A general contractor found guilty of fraud is heading to prison in what prosecutors say is the first such case in Tarrant County to make it to a jury.
Tarrant County jurors needed just an hour to convict Keith Baxter Alexander, 55, of North Richland Hills of making a false statement to obtain property or credit.
The same jury then sentenced Alexander to three years in prison and assessed a $10,000 fine against him in a trial that ended last week.
Prosecutors said most construction fraud cases are settled with plea agreements with reduced punishment if the defendant agrees to make restitution.
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Because he had never been convicted of a felony, Alexander faced a punishment that ranged from probation to 10 years in prison.
“We’re fortunate that our office has an economic crimes unit that has investigators who can follow long, and often confusing, paper trails,” said Tarrant County Assistant District Attorney Sid Mody, who prosecuted the case along with Susan Linam. “These types of cases happen all over Texas, but we are lucky in Tarrant County in that we have the ability to stop individuals like Keith Alexander.”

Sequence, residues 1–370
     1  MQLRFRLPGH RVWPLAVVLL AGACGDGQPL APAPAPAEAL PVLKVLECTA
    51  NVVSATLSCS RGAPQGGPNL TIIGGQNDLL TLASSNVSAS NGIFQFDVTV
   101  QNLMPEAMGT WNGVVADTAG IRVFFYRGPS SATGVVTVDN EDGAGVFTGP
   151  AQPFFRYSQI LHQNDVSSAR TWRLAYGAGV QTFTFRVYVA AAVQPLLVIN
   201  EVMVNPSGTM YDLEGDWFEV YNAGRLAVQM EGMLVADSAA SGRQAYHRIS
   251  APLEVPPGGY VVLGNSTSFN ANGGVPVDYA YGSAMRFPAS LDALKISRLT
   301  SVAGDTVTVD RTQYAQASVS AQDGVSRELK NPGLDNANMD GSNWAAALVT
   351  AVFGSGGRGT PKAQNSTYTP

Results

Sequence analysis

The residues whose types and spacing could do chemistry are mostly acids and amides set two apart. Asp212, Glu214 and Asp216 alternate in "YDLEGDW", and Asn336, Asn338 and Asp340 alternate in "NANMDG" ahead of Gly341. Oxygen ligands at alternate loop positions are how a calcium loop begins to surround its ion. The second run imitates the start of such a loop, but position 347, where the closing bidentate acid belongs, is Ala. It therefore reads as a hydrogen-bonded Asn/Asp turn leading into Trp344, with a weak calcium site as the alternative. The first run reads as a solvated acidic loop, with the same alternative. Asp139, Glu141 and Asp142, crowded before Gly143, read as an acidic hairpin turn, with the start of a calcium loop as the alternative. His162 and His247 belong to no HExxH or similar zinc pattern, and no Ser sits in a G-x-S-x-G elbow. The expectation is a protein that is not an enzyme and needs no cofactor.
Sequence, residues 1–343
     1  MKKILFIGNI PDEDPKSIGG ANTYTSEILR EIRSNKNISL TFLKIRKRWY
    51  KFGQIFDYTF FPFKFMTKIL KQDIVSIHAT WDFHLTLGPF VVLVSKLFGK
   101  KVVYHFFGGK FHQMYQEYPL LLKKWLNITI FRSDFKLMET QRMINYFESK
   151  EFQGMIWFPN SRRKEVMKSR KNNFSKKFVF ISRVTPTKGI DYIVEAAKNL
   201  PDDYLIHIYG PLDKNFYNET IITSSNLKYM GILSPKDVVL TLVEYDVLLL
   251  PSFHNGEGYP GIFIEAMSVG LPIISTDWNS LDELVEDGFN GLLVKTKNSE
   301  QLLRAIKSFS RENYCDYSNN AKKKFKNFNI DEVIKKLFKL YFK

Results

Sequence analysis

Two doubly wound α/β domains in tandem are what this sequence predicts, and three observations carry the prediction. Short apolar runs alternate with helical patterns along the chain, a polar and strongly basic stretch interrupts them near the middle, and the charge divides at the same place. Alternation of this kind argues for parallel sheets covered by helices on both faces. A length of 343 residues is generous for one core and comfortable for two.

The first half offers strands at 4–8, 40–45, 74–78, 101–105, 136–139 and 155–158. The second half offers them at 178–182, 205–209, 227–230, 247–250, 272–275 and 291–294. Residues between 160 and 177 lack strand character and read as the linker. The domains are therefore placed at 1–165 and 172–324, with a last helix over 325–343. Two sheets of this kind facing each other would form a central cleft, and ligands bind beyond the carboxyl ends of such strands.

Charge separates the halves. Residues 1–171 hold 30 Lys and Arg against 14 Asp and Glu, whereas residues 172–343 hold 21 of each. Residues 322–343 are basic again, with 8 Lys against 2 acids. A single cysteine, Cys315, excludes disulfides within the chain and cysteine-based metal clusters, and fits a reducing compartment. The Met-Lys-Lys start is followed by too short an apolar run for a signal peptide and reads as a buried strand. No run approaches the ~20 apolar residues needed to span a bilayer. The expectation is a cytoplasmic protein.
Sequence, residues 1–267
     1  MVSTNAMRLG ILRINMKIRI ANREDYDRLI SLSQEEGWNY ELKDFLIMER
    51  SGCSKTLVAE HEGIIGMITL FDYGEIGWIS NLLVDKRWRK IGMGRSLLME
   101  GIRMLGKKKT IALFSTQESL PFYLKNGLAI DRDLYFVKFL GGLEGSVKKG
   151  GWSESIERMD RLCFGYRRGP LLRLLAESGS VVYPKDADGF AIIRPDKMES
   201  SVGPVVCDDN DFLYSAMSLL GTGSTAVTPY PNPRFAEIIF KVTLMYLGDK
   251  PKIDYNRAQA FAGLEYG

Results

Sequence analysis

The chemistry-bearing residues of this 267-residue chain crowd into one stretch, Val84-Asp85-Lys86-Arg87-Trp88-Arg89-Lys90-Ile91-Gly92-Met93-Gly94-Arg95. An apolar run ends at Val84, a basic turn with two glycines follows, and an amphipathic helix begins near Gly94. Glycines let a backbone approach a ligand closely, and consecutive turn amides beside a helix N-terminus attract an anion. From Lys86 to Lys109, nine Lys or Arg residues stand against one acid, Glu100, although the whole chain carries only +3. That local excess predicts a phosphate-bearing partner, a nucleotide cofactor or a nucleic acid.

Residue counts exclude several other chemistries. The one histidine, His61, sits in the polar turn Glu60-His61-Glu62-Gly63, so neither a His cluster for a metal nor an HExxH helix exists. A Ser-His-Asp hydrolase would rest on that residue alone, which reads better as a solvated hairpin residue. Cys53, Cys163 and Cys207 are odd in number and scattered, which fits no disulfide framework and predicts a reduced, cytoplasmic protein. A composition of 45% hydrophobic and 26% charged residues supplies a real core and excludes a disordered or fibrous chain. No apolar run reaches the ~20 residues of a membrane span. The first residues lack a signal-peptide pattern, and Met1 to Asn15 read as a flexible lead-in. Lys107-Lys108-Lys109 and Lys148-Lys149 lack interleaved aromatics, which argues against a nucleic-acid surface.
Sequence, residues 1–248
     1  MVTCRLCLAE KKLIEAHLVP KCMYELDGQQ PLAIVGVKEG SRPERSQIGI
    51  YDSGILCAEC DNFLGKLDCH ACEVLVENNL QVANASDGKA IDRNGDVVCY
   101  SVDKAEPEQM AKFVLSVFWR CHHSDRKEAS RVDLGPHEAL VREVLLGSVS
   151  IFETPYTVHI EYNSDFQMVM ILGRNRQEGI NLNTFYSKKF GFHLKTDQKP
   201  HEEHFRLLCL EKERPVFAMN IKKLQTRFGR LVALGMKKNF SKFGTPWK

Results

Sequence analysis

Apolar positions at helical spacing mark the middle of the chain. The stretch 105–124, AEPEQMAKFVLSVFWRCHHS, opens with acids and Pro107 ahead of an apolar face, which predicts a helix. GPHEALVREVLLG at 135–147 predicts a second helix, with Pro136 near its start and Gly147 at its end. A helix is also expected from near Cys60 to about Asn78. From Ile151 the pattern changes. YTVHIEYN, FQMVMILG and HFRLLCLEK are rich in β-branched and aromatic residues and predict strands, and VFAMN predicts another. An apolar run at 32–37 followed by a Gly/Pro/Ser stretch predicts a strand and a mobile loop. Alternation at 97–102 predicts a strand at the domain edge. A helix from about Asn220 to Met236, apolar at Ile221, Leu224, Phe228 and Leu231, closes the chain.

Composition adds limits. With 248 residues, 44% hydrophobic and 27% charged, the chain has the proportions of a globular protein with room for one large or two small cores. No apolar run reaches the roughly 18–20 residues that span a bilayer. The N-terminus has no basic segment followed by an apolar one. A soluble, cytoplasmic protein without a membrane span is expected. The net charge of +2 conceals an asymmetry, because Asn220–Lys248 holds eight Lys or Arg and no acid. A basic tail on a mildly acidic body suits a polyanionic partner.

Evidence in the case indicated that Alexander was the general contractor for a company called K.B. Alexander Co. of Texas in Haltom City in 2006 which was hired to oversee construction for a used car dealership in Fort Worth.
Each month, Alexander submitted payment invoices to the dealership owner seeking payment for completed work and claiming the work had been done by sub-contractors. The sub-contractors had not been getting paid the full amount, if at all, prosecutors said.
The fraud came to light after the construction was done and the dealership owner began to receive mechanics’ liens – claims made against property by a sub-contractor who supplied labor or materials for work on the property but did not get paid.
In all, seven liens totaling about $100,000 were filed against the dealership.
The owner of the dealership filed a complaint against Alexander and the investigation began.
During the punishment phase last week, jurors learned that Alexander had swindled other sub-contractors in the past and many had filed lawsuits against him to recoup their losses. To avoid paying, Alexander filed for bankruptcy, set up another business and resumed his career as a general contractor. He had recently been operating KBA Construction LTD in Arlington.
“We are tired of seeing the little guys left holding the bag,” Tarrant County District Attorney Joe Shannon said in a news release.